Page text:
The new public protector says she will leave the dispute over the state capture report prepared by h.
MAYBE like me you have heard the phrase "schools are a microcosm of their society" a thousand times before.
Usually this line is bandied about each time there is some schoolyard bloodletting or drug usage.
Given how violent and drug-riddled societies tend to produce violent and drug-riddled schools, the truth of this truism seems self-evident.
So it is dishonest or wishful to expect communities that churn out teenage girls who will not finish their schooling because they fell pregnant, young men who will be drawn into the life of crime and family structures that cannot hold for a myriad reasons, from migratory labour to hopelessness, to produce schools that are outlets of extraordinary young citizens.
For it is those teens left to the margins of society that we each year end feign outrage for because they have failed and whom we accuse of not being serious about their education or future. Now, as we did during apartheid, we are making mere children bear the burden of circumstances created by so-called leaders.
Maybe, had we created a society in which we did not feel they needed to be politically connected to have a fair chance at what South Africa has to offer, would they take education a bit more seriously than we think they do.
Maybe if they saw more of their siblings who "finish" school get a quality higher education and jobs afterwards, they would work harder than we give them credit for.
Maybe if they heard the ANC Youth League make the Freedom Charter's promise of a "free, compulsory, universal and equal for all" education and State support for those who want to access higher education and technical training, being the basis of who the league would support for the leadership of the party they would get "serious".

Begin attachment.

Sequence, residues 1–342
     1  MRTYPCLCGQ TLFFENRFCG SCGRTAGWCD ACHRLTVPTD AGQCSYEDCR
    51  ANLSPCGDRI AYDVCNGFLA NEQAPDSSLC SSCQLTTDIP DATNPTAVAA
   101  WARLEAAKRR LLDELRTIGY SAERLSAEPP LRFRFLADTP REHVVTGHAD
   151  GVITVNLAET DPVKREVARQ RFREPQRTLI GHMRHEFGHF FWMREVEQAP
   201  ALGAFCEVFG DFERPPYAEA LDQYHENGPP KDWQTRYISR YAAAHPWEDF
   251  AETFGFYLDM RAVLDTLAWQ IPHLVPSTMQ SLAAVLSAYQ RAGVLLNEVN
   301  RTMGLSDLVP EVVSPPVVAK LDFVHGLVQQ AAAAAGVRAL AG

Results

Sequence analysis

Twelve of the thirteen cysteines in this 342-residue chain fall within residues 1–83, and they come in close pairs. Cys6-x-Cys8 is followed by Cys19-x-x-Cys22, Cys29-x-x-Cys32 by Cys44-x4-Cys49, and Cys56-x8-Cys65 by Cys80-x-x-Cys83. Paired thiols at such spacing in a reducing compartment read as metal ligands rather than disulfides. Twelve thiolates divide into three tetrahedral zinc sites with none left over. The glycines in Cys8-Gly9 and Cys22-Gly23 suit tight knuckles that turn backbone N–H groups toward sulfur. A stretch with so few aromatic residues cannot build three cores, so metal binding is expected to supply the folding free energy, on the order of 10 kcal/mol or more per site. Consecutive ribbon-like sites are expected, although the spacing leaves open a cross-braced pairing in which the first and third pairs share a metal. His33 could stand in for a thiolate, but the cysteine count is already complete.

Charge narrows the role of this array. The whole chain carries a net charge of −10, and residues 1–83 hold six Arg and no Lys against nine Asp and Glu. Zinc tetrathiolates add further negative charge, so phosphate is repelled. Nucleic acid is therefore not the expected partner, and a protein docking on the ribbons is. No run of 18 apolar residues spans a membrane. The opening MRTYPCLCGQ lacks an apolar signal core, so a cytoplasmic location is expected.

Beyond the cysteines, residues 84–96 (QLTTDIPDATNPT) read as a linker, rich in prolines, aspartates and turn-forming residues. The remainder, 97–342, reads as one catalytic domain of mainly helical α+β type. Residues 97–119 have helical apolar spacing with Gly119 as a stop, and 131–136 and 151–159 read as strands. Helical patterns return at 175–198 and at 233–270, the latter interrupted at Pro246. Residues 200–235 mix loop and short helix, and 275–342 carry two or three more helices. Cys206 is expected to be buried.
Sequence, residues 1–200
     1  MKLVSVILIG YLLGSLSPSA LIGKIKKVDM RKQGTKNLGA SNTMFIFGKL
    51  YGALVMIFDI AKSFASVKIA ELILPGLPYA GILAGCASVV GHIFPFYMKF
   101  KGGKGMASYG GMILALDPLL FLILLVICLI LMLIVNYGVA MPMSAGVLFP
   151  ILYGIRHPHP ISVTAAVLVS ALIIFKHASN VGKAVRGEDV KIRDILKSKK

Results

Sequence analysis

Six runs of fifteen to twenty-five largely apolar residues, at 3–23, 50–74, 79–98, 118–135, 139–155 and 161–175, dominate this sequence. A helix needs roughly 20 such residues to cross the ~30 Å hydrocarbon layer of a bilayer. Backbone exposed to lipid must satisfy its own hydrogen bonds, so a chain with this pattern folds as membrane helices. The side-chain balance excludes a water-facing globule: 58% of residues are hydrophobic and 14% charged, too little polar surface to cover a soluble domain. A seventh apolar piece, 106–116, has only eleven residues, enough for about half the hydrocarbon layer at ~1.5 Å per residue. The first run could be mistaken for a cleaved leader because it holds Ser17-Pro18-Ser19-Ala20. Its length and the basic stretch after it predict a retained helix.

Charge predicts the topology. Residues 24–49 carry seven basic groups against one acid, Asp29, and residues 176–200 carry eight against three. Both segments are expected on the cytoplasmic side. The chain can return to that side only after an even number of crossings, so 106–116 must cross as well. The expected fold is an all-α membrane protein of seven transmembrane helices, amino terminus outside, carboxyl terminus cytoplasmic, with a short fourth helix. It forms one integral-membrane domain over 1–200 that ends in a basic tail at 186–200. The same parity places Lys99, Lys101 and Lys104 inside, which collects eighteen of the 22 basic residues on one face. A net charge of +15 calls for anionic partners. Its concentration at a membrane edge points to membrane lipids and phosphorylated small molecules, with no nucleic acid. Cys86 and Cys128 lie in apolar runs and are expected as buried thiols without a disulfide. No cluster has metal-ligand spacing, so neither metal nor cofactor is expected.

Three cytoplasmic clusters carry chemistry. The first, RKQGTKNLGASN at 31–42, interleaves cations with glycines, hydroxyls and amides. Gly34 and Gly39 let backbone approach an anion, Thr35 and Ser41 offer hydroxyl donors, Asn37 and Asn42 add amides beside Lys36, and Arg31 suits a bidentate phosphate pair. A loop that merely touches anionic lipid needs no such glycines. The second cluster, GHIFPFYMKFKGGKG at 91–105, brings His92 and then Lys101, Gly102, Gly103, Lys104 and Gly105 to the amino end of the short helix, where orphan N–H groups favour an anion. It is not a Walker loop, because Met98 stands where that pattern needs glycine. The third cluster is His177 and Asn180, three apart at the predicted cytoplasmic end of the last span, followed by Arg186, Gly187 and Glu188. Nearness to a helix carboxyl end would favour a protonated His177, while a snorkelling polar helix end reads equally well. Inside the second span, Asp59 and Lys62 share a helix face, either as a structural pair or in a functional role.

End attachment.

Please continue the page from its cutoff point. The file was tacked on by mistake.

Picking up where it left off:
Alas, the youth says willingness to bail out fat catmine-owners would be criteria for leadership.
Having said this, there is no excuse for personal inaction. There is no justification for the indifference of many of the teenagers and parents who treat schools as nurseries for children above the age of six. All of us must do what we can with what we have regardless of our circumstances, especially in an uncaring society.
But dealing with schools without dealing with the structural problems in the societies in which those schools operate will keep returning us to the same conclusions. It is like eradicating Bantu Education but leaving apartheid intact.
It is treating symptoms rather than the disease.
We need to get rid of a system that keeps fattening a few politically connected individuals or the historically privileged while impoverishing the rest and then blaming the marginalised for their circumstances.
Tough talk by the president and the various national and provincial ministers of education has failed to improve things and will not do so in the future.
The chattering classes will continue with their delusion that "bad parents" - meaning those who spend their days and nights taking care of middle class homes and children or in the factories - are not showing sufficient interest in the education of their children, hence the yearly mourning ritual.
That some of us defy circumstances and get good jobs inside newsrooms does not mean those who only get to sell the paper in the streets are lazy or stupid.
Even in the darkest days of apartheid many defied the fatalist trap set for them and went on to achieve great things despite apartheid's best intentions. It never meant that apartheid did not need overthrowing.
Unless of course, there are exceptions to the truism that schools are a microcosm of our society.